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Banks have traditionally been attractive employees, why are you in DNB concerned about widening the talent base?

Our experience is also that we are attractive as an employee, and vacant positions within the bank always have a number of qualified applicants. Looking at our employee base, we can, however, see that the typical employee and manager is a middle-aged white male with a degree in economics(many from the same university as well). Also, applicants for vacant positions tended to fit the same formula, except for age. Given the big changes we are expecting within the Financial Industry, we started asking us the question whether our employee base was the best to understand the expected changes. We then understood that we for the future needed to recruit differently and to increase our attractiveness as employer for other demographic groups than we traditionally had been doing.

What concrete measures have been undertaken to increase your talent base?

If you want to actually change the way we recruit, we found we needed to apply a wide variety of measures. A change in this direction needs to be emphasized and supported from the top, and both our board and CEO have sent out clear signals in this regard. It started by reviving the “sleeping” goal of 40% female management representation. A goal the organization knew was there but had not been able to deliver on other than a small increase in female representation year on year. We found that the rate we were changing the female representation meant it would take some 15-20 years to actually achieve the goal. We then increased the attention, established female talent pools, required that for all management positions that were to be replaced at least one of the final candidates should be a woman, challenged our internal and external recruiting partners to search differently than before so that also female talent was detected in the processes etc. This has given results, and especially in re-organization processes, we have seen good results in changing the gender balance. December 2017 a new group management was announced with a 50/50 gender balance.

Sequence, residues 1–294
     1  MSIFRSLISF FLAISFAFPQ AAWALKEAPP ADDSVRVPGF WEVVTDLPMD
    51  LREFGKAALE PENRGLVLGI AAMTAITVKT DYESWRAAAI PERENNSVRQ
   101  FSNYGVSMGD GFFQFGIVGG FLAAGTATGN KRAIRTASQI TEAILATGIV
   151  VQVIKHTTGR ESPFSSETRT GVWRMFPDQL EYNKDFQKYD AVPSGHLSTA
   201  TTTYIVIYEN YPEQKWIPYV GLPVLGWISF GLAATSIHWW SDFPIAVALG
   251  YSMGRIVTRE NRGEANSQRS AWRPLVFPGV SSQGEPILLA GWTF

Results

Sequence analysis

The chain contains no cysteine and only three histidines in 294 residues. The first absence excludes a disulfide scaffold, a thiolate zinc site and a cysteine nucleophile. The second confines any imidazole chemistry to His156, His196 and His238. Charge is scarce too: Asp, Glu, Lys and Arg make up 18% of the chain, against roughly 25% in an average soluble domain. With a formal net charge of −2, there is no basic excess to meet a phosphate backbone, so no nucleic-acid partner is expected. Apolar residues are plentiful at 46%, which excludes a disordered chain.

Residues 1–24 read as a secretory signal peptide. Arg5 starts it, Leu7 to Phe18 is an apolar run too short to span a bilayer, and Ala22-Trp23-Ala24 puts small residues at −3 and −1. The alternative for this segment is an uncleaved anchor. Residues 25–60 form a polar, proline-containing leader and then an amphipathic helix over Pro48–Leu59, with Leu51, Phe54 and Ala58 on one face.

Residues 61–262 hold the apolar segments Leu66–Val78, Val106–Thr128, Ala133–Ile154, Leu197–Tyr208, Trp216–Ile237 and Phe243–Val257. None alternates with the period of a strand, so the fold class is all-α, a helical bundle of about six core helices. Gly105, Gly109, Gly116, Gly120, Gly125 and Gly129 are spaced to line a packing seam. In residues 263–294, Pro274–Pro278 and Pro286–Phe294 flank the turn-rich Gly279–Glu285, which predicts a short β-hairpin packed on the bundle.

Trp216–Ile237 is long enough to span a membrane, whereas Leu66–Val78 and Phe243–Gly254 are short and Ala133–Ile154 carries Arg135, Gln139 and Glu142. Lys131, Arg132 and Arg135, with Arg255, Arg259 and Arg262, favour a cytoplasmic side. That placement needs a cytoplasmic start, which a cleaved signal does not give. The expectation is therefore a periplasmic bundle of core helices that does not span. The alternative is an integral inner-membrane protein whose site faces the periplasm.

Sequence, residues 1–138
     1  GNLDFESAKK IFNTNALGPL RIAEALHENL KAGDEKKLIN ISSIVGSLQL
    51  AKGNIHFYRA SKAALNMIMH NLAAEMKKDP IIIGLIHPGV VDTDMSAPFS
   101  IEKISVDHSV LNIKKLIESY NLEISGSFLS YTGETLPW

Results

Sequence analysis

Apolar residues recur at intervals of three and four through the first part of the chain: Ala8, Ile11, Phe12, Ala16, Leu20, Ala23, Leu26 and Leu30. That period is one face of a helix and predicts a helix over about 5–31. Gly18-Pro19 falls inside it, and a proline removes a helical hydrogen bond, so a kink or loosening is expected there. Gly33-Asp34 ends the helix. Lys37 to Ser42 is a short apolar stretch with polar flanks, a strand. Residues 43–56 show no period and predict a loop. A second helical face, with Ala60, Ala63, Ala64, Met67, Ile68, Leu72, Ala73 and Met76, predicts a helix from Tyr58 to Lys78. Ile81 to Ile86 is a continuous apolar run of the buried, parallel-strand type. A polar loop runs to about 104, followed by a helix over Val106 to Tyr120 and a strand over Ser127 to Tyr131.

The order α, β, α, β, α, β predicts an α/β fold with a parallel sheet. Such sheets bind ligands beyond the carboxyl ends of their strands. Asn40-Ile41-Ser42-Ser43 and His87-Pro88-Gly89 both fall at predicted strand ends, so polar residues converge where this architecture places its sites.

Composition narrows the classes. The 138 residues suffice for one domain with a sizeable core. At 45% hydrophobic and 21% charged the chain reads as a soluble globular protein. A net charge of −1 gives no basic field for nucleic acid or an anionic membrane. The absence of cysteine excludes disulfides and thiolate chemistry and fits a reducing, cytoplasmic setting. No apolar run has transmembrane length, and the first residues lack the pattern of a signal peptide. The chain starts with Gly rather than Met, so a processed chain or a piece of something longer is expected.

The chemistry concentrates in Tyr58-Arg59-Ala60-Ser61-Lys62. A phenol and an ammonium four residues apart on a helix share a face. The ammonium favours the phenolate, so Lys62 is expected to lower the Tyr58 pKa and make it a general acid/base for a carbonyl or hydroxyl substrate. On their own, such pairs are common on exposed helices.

But we also work with other initiatives. For instance, we saw that we for the future not only needed talents with a degree in economics but also IT specialists, entrepreneur mentality and knowledge etc. Hence our Employer Banding activity towards different universities has increased. We still rank as Norway’s most attractive employer amongst economy students but more importantly have climbed to the third most attractive employer amongst IT-students. This is a big step from where we were only a few years back. In addition, we have engaged with the different universities to tell them what we see as the future business needs for competence. As a result, IT subjects are now emphasized too much larger degree at Norwegian universities for economic studies.

How can compensation and benefits enhance the strategy for increased diversity?

Looking at the organization today, and comparing it to how we said five years back, there are some very interesting changes. Going from a business model where physical presence in bank offices was the core to a digitalized future business model, we also see new roles and way of work that change how to assess the weight and importance of different positions. We also see that competing for new talent means we must be willing to let go of some of our previous ways of evaluating market value. The old hierarchical way of ranking importance and pay level does not necessarily give meaning when recruiting specialists and experience from innovation in digital business models. Somehow we can take experience from how we have paid the best Investment bankers bigger bonuses than their managers, but for some of these new positions, it’s hard to find the good performance measures. Mixing this reality with equal pay gives some challenges. Also when promoting female talent we need to address how to assess young talent in a pay perspective as opposed to previous managers with years of experience and good results. In DNB we have introduced new pay structures with the increased use of market and position allowances (rather than fixed pay) to alleviate the long-term effects of giving high fixed pay at a too early stage. In this way we feel more flexible, and think we can avoid increasing the pay gap. It is not easy, and we still have a long way to go, but for the future, I am convinced we must strive for flexible pay structures and increase our recruiting base to enhance the cultural change needed to survive.